Eating out in Wokingham

PUBLISHED: 12:40 14 August 2008 | UPDATED: 15:21 20 February 2013

The Square Bar

The Square Bar

It may be the classic example of an English market town but when it comes to eating out, it is decidedly cosmopolitan, says Carol Evans...

A walk around the bustling town centre of Wokingham reveals a cracking mix of international cuisines. Italian, Thai, Indian, Bengali, Spanish, Chinese and Mediterranean, as well as traditional British fare, are all available in the many restaurants, takeaways and pubs along historic streets. Indeed, for such a small town, Wokingham must rank highly in the number of eateries per head of its population.

Diners travel from miles around to savour the Italian fine-dining experience at Ruchetta in Rose Street. Located in an unassuming, yet immensely atmospheric 16th century cottage in Wokingham's oldest street, it serves dishes that are imaginative and ambitious, demonstrating there is more to Italian cookery than pasta and pizza. Ingredients, including fine wines, oils and cheeses come from the owner's delicatessen, Angelo's, in nearby Broad Street.

There are several more Italian restaurants and pizzerias. Immo (0118 978 5139), is a stylishly modern restaurant which opened in the elegant Georgian mansion, Montague House, in Broad Street earlier this year. Like its less-expensive 'sister,' Prezzo (0118 989 2090), in The Plaza, Denmark Street, it is informal and buzzy.
Diners who like their lasagne in a traditional Italian trattoria, should try Rossini (0118 979 5796) in Denmark Street. Cosy and intimate, it boasts an extensive menu with traditional dishes.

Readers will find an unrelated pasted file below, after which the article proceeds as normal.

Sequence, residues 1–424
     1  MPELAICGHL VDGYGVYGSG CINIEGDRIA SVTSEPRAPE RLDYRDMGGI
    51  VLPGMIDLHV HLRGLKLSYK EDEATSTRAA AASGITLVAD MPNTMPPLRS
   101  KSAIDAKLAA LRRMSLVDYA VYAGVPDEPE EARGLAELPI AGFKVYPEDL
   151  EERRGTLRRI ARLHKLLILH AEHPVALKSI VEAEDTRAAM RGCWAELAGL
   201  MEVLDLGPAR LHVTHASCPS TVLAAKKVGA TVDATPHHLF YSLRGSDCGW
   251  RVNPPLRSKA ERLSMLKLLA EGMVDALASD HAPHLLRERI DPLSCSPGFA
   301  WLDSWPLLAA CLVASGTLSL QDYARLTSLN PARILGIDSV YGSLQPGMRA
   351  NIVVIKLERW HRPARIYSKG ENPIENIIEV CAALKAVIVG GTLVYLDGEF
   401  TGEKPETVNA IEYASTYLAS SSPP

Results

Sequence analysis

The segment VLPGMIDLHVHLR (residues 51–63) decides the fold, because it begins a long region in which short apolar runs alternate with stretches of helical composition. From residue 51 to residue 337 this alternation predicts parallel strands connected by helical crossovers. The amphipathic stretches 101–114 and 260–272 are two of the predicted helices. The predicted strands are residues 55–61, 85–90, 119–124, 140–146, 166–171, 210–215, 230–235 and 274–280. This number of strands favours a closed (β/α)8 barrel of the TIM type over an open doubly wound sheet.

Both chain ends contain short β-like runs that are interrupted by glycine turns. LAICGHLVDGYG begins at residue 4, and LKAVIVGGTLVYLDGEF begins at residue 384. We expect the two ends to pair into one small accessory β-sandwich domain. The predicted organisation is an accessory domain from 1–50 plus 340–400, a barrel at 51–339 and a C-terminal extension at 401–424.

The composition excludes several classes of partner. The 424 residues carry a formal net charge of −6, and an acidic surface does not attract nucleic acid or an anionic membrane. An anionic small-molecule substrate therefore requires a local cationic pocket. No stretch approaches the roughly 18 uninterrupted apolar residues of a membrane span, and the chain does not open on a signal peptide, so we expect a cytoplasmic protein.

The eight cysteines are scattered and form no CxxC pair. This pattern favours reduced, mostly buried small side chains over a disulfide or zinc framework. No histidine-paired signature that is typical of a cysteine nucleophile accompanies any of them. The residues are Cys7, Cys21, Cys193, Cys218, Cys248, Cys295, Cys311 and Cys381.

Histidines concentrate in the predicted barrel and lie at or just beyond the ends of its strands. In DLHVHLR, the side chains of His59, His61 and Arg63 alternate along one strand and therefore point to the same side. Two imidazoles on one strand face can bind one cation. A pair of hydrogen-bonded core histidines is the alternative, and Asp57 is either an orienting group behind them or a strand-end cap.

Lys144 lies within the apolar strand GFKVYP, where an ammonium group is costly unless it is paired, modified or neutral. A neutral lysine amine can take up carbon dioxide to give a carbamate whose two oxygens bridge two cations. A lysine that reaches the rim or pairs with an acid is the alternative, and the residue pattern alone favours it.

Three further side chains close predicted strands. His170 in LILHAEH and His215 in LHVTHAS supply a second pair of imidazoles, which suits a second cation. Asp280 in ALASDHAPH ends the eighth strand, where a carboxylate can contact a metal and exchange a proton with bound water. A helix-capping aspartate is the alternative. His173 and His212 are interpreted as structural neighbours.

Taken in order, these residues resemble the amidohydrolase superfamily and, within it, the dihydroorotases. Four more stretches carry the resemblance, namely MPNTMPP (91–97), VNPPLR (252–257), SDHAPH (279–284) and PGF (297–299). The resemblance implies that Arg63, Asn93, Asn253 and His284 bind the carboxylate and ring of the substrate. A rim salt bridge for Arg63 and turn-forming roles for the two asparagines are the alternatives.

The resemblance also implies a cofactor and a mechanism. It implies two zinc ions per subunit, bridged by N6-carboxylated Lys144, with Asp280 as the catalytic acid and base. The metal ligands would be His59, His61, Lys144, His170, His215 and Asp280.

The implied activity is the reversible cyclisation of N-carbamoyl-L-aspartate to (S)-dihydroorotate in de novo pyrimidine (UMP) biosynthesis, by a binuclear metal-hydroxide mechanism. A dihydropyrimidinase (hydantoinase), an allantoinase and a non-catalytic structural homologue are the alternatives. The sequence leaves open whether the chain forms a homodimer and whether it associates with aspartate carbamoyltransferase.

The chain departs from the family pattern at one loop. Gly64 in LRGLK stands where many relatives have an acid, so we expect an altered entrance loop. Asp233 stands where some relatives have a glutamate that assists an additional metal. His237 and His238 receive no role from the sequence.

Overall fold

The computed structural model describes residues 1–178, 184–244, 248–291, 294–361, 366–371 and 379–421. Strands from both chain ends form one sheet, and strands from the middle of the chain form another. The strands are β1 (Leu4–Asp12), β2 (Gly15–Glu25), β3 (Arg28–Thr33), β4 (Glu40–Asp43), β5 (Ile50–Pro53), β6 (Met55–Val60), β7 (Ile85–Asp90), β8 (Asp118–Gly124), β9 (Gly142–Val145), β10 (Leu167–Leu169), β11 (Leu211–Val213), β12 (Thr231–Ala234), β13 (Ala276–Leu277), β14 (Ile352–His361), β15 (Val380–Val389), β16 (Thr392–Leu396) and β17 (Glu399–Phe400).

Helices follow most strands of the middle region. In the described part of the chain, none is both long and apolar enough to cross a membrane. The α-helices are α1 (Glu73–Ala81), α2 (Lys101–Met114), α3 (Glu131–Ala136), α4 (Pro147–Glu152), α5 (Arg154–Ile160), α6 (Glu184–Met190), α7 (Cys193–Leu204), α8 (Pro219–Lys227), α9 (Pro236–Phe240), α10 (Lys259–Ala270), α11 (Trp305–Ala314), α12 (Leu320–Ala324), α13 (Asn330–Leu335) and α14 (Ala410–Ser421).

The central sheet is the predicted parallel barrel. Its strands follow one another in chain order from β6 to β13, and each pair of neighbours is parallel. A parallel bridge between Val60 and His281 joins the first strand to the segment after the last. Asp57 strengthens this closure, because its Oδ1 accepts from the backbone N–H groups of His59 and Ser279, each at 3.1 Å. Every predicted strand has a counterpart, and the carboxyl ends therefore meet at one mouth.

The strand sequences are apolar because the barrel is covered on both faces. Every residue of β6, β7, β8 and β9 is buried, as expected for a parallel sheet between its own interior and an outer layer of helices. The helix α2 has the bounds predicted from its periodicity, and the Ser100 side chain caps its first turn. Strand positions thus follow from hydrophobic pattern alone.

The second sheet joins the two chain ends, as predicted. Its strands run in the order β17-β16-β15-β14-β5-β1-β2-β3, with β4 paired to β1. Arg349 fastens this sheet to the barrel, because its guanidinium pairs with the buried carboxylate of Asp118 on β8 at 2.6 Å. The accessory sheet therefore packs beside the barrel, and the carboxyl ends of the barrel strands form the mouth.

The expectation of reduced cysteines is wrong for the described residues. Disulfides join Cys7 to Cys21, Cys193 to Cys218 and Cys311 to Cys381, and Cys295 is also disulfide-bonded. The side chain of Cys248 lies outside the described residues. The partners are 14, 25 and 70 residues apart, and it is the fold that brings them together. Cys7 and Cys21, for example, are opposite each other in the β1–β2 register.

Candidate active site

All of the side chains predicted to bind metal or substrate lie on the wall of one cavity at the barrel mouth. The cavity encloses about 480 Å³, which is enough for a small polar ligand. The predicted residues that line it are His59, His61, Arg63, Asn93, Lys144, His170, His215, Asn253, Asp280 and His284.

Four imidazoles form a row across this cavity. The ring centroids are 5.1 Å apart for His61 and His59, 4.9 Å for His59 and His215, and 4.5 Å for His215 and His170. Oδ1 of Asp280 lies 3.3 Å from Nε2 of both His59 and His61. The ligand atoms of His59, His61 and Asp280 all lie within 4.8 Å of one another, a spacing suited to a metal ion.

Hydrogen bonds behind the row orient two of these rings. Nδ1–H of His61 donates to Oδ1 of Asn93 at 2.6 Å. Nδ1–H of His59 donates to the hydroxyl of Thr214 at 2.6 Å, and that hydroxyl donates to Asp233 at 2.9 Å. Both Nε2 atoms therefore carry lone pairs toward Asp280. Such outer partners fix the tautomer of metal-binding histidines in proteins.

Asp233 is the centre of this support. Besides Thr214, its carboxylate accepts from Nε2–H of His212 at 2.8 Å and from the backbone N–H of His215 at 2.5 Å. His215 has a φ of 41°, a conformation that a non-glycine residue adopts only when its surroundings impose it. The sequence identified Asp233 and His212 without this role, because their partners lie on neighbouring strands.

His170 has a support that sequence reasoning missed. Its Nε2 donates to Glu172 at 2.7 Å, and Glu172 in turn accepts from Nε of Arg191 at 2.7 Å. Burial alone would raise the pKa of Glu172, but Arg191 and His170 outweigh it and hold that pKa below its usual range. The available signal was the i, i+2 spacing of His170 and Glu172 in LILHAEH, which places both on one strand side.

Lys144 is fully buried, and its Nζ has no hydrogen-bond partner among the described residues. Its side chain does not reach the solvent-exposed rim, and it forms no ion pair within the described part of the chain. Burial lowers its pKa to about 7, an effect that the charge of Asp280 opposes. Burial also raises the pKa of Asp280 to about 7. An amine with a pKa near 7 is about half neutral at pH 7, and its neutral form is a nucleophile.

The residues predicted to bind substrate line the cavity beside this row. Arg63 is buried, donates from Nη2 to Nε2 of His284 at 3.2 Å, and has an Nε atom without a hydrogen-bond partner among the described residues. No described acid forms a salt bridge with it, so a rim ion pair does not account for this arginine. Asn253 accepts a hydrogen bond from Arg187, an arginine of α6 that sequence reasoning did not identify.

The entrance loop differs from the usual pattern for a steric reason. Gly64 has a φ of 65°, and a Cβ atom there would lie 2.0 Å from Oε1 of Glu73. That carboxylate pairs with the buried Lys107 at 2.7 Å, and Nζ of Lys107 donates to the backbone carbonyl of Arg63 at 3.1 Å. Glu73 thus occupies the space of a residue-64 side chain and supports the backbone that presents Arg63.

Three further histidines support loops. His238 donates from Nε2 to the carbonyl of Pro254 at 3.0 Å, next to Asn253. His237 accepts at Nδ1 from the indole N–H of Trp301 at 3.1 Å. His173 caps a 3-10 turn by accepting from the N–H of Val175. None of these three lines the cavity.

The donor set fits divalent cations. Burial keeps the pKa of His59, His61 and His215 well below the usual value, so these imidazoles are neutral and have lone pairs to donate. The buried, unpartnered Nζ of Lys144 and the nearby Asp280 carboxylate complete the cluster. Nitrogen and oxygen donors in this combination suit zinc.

The town is home to a number of Indian restaurants and although the beamed interior of the Sultan Balti Palace (0118 977 4397) in Market Place, may look like a Tudor tearoom, locals report its dishes to be among the best in town.
The Baranda (0118 977 6100) in Peach Street, combines elegance and style both in its Indian and Bangladeshi menu and décor - which, surprisingly, includes a baby grand piano. There's jazz every other Friday and occasional 'tribute' nights to artistes such as Elvis and the Beatles.

For a taste of Thai, head to The Teak House in Peach Street (0118 978 8893). Upstairs, a sunken table and seating arrangement allows diners a truly oriental dining experience.

A Wokingham success story has been The Courtyard (0118 979 4040), a continental-style café which opened three years ago, quite literally, under the Town Hall. It's good for a coffee and a pastry, light snacks and Mediterranean influenced meals with wine. In fine weather, eat alfresco in the leafy Market Place.
And then there are the pubs - too numerous to mention, but for the traditional 'pie and a pint' - and a lot more besides - try the Broad Street Tavern (0118 977 3706) in Broad Street or The Lord Raglan (0118 978 0455) in Denmark Street. The Square Bar in the Market Place is a modern take on a traditional pub.

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